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Burning Yen

Client Talking Points

YEN

Yet another down day for the Japanese Yen to new year-to-date lows and the Nikkei ramp on that remains epic – Japanese stocks are up for the 10th day in a row (that hasn’t happened in 27 years) to +18.7% year-to-date vs SPX +3.1%.

YIELDS

Global Bond Yields have returned to the long-term bond investor TREND of falling as Global Growth Expectations slow. The Swiss 10YR is down -2 basis points back to -0.06% and the German 10YR is down -3 basis points to 0.53%. We suggest you stay with those Long Bonds in the U.S. at 2.14%. 

CHINA

What’s a -6.5% down day at the Shanghai Composite Casino amongst friends? The Chinese will definitely need another round of rumoring tonight – that’s all there is to do as China’s population gets older at its fastest rate, ever #GrowthSlowing.

Asset Allocation

CASH 46% US EQUITIES 5%
INTL EQUITIES 10% COMMODITIES 13%
FIXED INCOME 24% INTL CURRENCIES 2%

Top Long Ideas

Company Ticker Sector Duration
VNQ

One way to invest in Lower-For-Longer, from an equity perspective, is being long U.S. REITS (VNQ). Unless the Fed wants to show the world it has the power to go both ways on rates, we don’t think the Fed will ever be able to justify hiking interest rates. We expect an unarguable slowing of the current economic cycle by Q4 of this year. If you think domestic economic growth is slow now, just wait until the U.S. economy faces very difficult growth and inflation comps in the second half of 2015.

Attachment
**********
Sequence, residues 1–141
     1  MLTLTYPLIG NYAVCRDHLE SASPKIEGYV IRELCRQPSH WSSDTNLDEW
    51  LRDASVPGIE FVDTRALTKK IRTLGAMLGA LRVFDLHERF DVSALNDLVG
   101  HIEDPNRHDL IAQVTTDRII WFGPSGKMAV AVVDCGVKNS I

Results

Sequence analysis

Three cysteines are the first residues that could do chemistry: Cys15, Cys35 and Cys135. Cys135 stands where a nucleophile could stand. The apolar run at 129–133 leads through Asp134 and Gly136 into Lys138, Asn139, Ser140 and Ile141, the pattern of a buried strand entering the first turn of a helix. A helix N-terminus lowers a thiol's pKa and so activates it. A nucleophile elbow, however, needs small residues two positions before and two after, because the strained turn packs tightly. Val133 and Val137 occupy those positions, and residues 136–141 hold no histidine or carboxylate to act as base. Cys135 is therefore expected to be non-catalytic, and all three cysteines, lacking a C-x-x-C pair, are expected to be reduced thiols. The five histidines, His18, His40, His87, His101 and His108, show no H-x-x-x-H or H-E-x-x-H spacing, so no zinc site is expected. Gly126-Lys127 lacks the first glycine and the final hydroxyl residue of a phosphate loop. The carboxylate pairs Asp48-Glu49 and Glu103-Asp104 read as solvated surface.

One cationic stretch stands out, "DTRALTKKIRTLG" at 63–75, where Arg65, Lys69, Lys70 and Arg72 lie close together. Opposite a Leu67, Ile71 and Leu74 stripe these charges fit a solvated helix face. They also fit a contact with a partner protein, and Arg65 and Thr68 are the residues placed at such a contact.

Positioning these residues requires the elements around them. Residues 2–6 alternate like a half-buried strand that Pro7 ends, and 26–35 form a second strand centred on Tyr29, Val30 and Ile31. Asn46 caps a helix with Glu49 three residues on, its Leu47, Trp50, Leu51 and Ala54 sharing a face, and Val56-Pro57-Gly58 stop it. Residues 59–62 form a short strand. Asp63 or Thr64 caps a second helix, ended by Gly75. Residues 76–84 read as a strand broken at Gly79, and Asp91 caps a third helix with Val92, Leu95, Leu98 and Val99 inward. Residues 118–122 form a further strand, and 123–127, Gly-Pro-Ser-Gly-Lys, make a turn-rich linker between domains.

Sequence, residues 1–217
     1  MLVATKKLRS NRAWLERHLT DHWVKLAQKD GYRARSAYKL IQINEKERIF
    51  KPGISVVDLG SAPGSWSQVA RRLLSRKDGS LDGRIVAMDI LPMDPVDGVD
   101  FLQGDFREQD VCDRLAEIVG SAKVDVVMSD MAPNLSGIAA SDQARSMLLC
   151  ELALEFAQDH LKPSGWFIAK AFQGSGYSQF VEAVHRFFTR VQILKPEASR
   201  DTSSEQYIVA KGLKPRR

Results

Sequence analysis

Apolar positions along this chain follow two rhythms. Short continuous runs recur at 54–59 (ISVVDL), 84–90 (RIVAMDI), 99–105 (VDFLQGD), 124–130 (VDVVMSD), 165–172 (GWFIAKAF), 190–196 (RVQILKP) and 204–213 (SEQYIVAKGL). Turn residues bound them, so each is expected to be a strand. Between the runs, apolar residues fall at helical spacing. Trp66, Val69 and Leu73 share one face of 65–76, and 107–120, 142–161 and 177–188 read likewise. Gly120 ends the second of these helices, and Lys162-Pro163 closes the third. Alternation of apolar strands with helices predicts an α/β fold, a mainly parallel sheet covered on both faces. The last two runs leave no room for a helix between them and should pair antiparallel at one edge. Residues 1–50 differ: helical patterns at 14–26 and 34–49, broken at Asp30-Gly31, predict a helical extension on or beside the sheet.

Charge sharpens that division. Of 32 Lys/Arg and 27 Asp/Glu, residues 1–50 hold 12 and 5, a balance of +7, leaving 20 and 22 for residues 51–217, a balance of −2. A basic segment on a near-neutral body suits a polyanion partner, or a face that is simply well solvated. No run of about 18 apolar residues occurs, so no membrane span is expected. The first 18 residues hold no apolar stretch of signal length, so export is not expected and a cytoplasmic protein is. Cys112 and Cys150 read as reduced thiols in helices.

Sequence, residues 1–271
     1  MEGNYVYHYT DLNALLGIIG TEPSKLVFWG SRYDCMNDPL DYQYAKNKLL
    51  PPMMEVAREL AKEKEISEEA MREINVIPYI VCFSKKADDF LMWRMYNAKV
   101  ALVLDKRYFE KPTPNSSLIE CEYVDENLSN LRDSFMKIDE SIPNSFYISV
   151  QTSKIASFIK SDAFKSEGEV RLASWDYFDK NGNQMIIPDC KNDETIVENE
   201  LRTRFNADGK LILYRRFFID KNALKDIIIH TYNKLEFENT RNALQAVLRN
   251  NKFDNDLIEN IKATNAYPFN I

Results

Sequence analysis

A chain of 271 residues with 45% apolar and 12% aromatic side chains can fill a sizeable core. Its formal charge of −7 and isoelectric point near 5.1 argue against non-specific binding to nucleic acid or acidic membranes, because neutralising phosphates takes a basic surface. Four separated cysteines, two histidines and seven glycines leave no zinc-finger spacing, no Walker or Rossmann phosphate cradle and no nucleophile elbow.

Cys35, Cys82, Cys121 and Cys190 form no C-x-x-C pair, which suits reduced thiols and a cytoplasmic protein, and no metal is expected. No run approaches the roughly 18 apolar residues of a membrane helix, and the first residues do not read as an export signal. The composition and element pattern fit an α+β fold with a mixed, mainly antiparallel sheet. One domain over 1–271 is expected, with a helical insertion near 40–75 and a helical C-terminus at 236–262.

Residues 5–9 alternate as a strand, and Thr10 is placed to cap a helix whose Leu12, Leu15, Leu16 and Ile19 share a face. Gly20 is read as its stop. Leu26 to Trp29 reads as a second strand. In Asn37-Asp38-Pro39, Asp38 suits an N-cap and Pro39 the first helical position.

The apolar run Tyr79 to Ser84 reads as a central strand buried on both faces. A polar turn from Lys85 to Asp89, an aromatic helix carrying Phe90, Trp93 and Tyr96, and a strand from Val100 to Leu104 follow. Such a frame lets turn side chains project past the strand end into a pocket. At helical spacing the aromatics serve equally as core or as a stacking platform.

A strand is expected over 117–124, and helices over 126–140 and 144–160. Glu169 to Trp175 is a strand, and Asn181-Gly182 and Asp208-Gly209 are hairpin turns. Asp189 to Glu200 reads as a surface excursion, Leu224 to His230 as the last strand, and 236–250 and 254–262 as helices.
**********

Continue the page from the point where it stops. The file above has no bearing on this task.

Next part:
ITB

Housing got its mojo back in May, rebounding strongly over the last couple of weeks alongside the moderation in rates and ongoing strength in reported price/volume data. Below is a round-up of the data thus far in 2Q:

  • Housing Starts:  New 7-year high in the latest month
  • Purchase Applications (existing market):  2Q15 Tracking +14% QoQ and +13% YoY, on pace for best quarter in two years.
  • Pending Home Sales (existing market):  PHS are up an average of +11.8% year-over-year the last two months
  • New Home Sales (new market):  NHS are up an average of +22.5% year-over-year the last two months
  • HPI:  After a year of discrete deceleration in home price growth in 2014, 2nd derivative HPI has seen 3 consecutive months of acceleration through the latest March data.
TLT

The strength of the labor market continues to be a good indicator of our positioning in the current cycle:

  • Seasonally adjusted jobless claims came in at 274k last week vs. 270K est.
  • Despite the slight miss, the rolling 4-week SA figure dropped to 266.3k (lowest rolling SA figure since the week ending April 15th, 2000, which also came in at 266.3k) We all know what happened afterwards…..

Three for the Road

TWEET OF THE DAY

GOLD: immediate-term upside in my risk range to $1209/oz

@KeithMcCullough

QUOTE OF THE DAY

If you cannot do great things, do small things in a great way.

Napoleon Hill 

STAT OF THE DAY

2 billion videos are watched daily on Snapchat by 13 to 34 year olds (according to Snapchat).

 

The Macro Show - CLICK HERE to watch today's edition at 8:30am ET.


CHART OF THE DAY: A Century of Economic Cycles